Jasmine Tea: Benefits, Side Effects, and Preparations

Jasmine tea

Verywell / Alexandra Shytsman

Jasmine tea is a flavored or scented tea. Scented teas are made by infusing traditional tea leaves from the Camellia sinensis bush with flowers, fruit, spices, oils, extracts, or other ingredients to provide additional flavor.

What Is Jasmine Tea?

Enjoyed hot or cold, jasmine tea first gained popularity in China during the Ming dynasty. Its renown in Asia and around the world has much to do with the jasmine tea benefits for the body and its sweet, delicate aroma.

One of the more famous traditional jasmine teas comes out of the Fujian region of China where it is made with jasmine blossoms. Commercially produced jasmine teas may be made with jasmine oil or other flavors.

How to Prepare

Jasmine tea is usually made from green tea leaves or leaves that have not been fermented, but the tea can also be made from black tea leaves (that have been fully oxidized), oolong tea leaves (partially oxidized), or white tea made from new growth buds and young leaves.

You can make jasmine tea from scratch by adding freshly picked jasmine flower petals, but purchasing dried tea or tea bag is more convenient and safer. Certain varieties of jasmine are toxic, so it's best to purchase from a reputable tea company instead of making your own from the garden. Jasmine pearl tea is hand-rolled tea blended with jasmine blooms.

Here's how to make the perfect cup of jasmine tea:

  1. Boil water (filtered water is ideal). If using an electric kettle, set the temperature to 175 degrees Fahrenheit.
  2. Place your tea in a teapot and add the heated water.
  3. Cover and steep for 3 minutes.
  4. Strain loose tea or remove teabag, and pour into your favorite mug.
  5. Enjoy!

For cold brew iced tea, place tea in a water pitcher and steep for 6 to 12 hours at room temperature. Strain and refrigerate to chill or pour over ice. Some people prefer a bit of sugar, honey, or milk with jasmine tea.

Does Jasmine Tea Contain Caffeine?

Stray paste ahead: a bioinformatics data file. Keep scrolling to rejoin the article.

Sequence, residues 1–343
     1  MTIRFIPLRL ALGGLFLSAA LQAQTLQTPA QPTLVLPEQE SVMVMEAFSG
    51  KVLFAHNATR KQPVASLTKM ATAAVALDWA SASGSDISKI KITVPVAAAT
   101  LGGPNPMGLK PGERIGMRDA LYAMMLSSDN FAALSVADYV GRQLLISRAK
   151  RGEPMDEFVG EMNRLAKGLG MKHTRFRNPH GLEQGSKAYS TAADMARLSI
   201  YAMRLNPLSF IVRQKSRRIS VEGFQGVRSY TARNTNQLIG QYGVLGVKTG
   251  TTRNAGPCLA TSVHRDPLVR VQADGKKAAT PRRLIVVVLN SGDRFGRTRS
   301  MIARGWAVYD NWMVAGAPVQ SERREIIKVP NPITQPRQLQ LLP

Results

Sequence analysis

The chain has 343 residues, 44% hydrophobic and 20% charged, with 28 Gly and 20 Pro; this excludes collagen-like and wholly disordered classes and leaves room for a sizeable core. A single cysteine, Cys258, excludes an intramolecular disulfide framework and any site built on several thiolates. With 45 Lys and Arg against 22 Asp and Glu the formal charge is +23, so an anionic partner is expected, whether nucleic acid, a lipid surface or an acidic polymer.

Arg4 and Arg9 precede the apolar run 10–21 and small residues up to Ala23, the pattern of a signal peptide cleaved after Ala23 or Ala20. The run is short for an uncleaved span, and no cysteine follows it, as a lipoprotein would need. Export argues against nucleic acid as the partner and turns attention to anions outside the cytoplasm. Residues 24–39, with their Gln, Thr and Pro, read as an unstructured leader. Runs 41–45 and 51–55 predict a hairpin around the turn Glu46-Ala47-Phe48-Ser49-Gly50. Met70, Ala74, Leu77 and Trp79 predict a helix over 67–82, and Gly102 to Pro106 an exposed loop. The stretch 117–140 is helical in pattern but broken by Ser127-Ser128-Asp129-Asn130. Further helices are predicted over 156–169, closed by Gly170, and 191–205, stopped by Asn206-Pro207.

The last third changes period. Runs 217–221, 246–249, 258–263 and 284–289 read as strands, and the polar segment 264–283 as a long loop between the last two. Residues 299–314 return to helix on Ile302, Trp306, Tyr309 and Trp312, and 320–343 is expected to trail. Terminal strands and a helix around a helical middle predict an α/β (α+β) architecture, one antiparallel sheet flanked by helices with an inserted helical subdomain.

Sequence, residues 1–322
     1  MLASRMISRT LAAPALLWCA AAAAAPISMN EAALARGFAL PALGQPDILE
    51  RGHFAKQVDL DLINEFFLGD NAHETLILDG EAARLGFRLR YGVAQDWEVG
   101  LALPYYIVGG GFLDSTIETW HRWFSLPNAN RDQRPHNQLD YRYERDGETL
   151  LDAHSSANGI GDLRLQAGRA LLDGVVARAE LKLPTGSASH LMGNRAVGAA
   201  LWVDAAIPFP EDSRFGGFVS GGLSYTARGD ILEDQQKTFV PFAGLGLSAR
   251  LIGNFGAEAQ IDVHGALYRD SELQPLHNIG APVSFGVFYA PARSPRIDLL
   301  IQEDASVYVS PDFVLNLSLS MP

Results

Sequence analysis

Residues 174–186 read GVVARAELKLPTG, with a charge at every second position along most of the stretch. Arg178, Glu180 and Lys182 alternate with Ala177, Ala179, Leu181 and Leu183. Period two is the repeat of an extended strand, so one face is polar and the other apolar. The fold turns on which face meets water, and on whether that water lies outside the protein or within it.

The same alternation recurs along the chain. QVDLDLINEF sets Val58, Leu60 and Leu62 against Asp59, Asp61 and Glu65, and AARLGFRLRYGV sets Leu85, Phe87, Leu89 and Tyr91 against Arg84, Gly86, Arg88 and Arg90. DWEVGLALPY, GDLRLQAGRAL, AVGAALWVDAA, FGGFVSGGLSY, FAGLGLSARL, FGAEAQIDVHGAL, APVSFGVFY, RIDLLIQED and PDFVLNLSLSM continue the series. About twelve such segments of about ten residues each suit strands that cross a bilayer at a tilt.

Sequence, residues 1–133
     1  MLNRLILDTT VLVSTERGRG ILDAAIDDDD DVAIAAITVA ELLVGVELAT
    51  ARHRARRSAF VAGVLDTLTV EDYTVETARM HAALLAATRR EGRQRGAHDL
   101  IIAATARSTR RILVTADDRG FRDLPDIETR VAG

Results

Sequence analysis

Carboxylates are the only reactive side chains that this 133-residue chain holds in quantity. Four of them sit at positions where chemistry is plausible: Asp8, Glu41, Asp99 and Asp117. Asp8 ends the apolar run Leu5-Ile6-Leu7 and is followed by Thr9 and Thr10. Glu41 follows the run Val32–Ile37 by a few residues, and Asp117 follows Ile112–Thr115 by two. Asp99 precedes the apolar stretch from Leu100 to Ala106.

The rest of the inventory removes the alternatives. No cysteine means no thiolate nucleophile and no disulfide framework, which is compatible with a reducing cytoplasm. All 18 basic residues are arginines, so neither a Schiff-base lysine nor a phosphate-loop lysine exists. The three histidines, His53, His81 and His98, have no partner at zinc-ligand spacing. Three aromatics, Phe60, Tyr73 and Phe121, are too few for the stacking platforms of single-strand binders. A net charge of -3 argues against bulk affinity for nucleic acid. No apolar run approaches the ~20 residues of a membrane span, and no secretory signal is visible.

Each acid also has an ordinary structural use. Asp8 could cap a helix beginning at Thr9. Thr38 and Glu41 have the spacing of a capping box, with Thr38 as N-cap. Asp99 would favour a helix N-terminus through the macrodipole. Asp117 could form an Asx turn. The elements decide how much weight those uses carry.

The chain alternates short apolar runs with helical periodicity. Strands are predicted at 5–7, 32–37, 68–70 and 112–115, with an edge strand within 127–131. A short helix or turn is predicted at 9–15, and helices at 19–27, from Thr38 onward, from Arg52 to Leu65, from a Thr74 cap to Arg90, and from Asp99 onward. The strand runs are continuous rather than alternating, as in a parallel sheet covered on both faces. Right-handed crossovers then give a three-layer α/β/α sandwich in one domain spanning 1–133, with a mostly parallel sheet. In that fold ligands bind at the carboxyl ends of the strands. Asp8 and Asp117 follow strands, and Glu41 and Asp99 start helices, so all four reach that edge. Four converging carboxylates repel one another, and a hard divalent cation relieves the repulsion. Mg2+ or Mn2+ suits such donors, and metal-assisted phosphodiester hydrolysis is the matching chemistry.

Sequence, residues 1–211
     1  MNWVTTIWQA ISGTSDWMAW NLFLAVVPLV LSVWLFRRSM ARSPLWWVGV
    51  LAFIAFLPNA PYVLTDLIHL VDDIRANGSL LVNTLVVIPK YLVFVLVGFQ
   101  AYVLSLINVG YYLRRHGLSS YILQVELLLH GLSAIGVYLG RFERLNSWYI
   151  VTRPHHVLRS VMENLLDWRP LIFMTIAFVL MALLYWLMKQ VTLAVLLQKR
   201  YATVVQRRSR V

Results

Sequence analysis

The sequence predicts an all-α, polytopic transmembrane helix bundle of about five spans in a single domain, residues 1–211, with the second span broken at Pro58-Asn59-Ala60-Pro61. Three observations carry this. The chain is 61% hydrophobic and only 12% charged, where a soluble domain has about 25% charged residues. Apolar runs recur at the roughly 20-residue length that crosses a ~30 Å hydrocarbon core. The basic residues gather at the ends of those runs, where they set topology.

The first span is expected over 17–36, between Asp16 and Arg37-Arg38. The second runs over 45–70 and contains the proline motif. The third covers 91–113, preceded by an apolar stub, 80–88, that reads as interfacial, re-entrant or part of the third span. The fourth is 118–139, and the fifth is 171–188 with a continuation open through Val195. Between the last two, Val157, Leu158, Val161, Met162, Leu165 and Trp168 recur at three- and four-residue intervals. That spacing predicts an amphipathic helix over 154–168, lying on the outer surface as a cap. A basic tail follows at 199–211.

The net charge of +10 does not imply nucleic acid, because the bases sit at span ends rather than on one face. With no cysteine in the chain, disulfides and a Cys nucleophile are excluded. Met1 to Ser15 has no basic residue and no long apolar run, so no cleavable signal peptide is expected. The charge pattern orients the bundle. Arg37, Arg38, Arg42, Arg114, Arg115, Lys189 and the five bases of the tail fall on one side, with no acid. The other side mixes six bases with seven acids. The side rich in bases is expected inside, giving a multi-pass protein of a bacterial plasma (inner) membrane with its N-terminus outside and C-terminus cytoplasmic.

Jasmine tea contains as much caffeine as the base tea it is made with. Both green and black tea naturally contain caffeine. Green tea has between 9 to 63 milligrams per 8-ounce serving and black tea has 42 to 79 milligrams per 8-ounce serving. For comparison, a typical cup of coffee has about 100 milligrams of caffeine.

You may also find caffeine-free versions of jasmine tea that have been decaffeinated during processing.

Health Benefits

Because most commercially-available jasmine tea blends do not contain actual flowers, (but are scented using either essential oil or fragrance) many of the benefits of jasmine tea come primarily from the green or black tea leaves from which the drink is made.

Caffeine provides a temporary metabolism and mental boost, but can produce negative side effects if you're very sensitive to it or consuming large doses (over 200 mg per day) while pregnant.

Both black tea and green tea contain polyphenols including catechins, flavonoids, and tannins. Researchers have linked the consumption of flavonoids to several favorable health outcomes due to their antioxidant effects, but scientists advise that more research is needed to say for certain if tea can significantly boost your health.

Some tea drinkers believe that jasmine tea can help to induce calm before sleep. However, these benefits haven't been proven in clinical studies. If you're drinking tea to relax before bed, make sure it's caffeine-free. The simple ritual of taking quiet time out of your day to sit and sip tea likely offers independent stress-reducing benefits.

Side Effects

Jasmine is generally recognized as safe (GRAS) by the U.S. Food and Drug Administration. Pregnant women should consult their doctor before drinking jasmine tea. Any caffeinated beverage may result in side effects—especially if consumed in large quantities. Headaches, jitters, shakiness, or trouble sleeping may be the result of too much caffeine from tea and other beverages.

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Article Sources
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  1. Higon J. Oregon State University, Linus Pauling Institute. Tea. Updated January 2016.

  2. Higdon J. Oregon State University, Linus Pauling Institute. Flavonoids. Updated 2016.

  3. U.S. Food and Drug Administration. CFR - code of federal regulations title 21. Updated April 1, 2019.